That’s the question that many will ask about the new Grand Prix Monza equipment rack, prices for which start at $19,000 for a four-tier, 42"-tall rack and can even stretch to $29,500 for my review sample, which comprises a double-width, fourtier, 42"-tall rack (two side-by-side stacks of four shelves each) with two matching Monza amp stands. Why spend all that money when a solid oak table, built-in shelving, or Great Aunt Tillie’s antique cabinet might do the trick?
Alvin Lloyd, owner/designer of Grand Prix Audio, has an answer for you. “Much like room acoustics, you need to have the fundamentals, and a good stand is a fundamental,” he said during an in-person interview after he had set up, in my dedicated music room, the support system described above.
“If you bought your rack early, as you assemble your system, you might save yourself a lot of money because you could better hear what each piece of equipment and your cables are doing. But people tend to buy it last because it doesn’t directly make sound.
“Our products are based on Newton’s law of equal and opposite that no one has gotten around. Energy will go where it’s going to go, in both directions. Whatever energy is not completely absorbed, ie attenuated, is going to turn around and come back in again. If you’re trying to construct something that efficiently moves energy through something that has very little mechanical impedance—something that’s very stiff and strong—it will be very inefficient. Although a little bit of energy will get wasted as it moves through, the rest will just zip through it, turn around, and come right back again. That’s why we use materials to dampen vibration, the primary one being Sorbothane viscoelastic.1 They are essential.”
Lloyd disputed the notion that stands and supports “drain” energy out of a component. “Energy always comes out of a component,” he said. “You can’t stop the bell from ringing. Loudspeakers, which are giant transducers, pound the room and send energy through the floor, even if it’s a suspended wood floor or a concrete slab. They produce the biggest assault. You also have airborne energy that is assaulting the components. All that, plus the little drummer boy that’s inside the component (eg a CD mechanism), is going to affect it.
“When we use different couplers, we’re fiddling around with mechanical impedance—how energy moves from the component into everything else, and how it moves back. I want to attenuate as much energy as possible in both of those paths, so that nothing I do will detrimentally affect the signal or sound that’s going into or coming from a component. I’m trying to address the ringing bell by putting a finger on that bell and stopping it from ringing.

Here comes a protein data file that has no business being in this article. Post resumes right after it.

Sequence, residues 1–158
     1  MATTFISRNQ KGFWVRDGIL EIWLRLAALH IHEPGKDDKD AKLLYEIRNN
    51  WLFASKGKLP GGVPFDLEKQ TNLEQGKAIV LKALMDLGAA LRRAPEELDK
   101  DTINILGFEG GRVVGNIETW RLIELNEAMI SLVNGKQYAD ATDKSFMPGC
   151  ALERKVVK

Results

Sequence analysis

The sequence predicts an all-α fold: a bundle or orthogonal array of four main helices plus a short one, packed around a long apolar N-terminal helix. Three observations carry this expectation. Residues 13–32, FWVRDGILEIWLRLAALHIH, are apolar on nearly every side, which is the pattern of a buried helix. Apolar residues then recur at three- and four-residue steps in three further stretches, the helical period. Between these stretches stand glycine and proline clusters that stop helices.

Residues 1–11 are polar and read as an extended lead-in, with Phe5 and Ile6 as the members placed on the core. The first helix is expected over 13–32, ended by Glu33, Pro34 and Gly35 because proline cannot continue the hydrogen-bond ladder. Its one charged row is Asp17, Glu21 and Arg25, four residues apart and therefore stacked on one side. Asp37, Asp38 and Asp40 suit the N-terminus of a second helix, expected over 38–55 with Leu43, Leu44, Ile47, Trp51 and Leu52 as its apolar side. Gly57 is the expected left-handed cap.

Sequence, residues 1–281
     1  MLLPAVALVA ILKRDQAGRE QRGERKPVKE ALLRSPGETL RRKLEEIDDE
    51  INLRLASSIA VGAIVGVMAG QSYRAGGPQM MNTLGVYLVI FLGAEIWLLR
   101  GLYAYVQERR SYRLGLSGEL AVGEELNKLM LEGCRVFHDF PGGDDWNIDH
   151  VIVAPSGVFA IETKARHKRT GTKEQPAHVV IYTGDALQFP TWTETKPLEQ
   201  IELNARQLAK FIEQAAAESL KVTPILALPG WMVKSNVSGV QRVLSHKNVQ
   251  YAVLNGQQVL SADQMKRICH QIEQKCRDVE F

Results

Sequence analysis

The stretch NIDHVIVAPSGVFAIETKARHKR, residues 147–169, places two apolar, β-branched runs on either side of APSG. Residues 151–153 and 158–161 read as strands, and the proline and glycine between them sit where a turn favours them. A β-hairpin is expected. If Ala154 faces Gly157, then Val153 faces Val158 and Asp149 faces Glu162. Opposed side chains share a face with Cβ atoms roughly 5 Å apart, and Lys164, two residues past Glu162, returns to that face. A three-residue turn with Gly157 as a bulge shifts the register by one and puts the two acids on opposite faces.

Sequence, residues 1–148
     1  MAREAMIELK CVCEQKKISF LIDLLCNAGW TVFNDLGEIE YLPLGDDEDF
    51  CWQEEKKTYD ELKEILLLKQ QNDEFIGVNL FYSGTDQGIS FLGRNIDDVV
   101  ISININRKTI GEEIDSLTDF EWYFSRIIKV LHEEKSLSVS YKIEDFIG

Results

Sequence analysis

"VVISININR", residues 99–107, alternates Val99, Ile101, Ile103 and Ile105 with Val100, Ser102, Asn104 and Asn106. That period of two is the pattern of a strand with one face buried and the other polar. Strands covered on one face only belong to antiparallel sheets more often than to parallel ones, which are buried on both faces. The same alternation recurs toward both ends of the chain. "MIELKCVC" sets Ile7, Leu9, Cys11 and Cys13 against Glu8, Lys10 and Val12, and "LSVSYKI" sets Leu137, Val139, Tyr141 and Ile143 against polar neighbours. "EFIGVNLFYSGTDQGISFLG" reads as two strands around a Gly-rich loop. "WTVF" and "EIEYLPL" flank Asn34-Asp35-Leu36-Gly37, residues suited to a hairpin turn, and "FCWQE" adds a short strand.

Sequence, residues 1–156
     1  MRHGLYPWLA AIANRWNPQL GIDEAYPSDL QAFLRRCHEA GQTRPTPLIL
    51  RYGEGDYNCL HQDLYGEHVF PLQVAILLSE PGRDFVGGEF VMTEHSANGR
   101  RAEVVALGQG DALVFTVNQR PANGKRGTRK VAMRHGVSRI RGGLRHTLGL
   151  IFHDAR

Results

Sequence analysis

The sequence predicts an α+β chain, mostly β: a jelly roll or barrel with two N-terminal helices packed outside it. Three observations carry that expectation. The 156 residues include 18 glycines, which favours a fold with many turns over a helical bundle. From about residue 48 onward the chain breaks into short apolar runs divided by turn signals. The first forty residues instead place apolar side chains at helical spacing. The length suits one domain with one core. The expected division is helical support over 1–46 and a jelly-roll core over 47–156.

“Every element of my designs is chosen to attenuate energy. That’s why I put polymer in the Monza’s stainless steel legs—it challenges the floor-borne energy that can enter the component. The Sorbothane viscoelastic dampers, which convert energy to heat, sit under each shelf. They are like an all-in-one shock and spring on your car and have the most effect. You just need to ensure that the damping and spring rate is sympathetic, which you can do by choosing dampers appropriate to the supported component’s weight.”
The demo that convinced me that a well-designed equipment rack makes a significant difference transpired at Munich High End 2019,2 where Lloyd moved a CH Precision P1 phono stage, supported by Grand Prix Apex footers, from a basic Quadraspire rack to a prototype of the Grand Prix Monza rack. To quote from my report, “Even with the Quadraspire, the timbres were lovely, the sound quite mellow. Following the switch, however, I immediately sensed more air and crispness to the sound. Layering and image size improved noticeably, the piano’s low notes grew more profound, there was spaciousness for days, and I was able to hear new detail in the horn. The difference was major.”
That demo left me wanting to conduct my own experiment. Hence this review, which compares the sound of Grand Prix’s original three-column Monaco Classic isolation system, which has served as my reference for over three and a half years, with the very different, newly engineered four column Monza system.
The big overview
Many audio engineers are self-taught, but Alvin Lloyd may be the only one who left college to race cars. “I’ve run against lots of the famous guys and beat ’em,” he said about a career that led to becoming VP for Swift Engineering, “the only American company that successfully designed and manufactured Indy race cars.”
Lloyd’s solace was listening to music, especially the blues, on his high-end system. After no component isolation system worked to his satisfaction, he designed the first Monaco equipment isolation rack in Swift’s Indy-car composite shop. In 1999, after he conducted a comparative rack demo at an audio store and left a Monaco there, audiophiles began requesting it. Then, in 2006, he developed the Monaco direct-drive turntable because, once again, he wanted something better than the turntables he could find. Other products followed, including Grand Prix’s flagship Silverstone isolation system; all were named for famous auto racetracks.
Lloyd developed the Monza isolation system in response to demand for a reconfigurable, four-legged double- or triple-wide modular stand with smaller shelves and easily adjustable spacing. While he feels, from an engineering standpoint, that separate side-by-side racks work a bit better than two or three conjoined racks, and that a three-leg design is most efficient because three points define a plane, he acknowledges that a conjoined, four-column design takes up less space and offers easier access to rear-panel inputs and outputs. (In my 16' by 20' room, space and access are essential considerations.)
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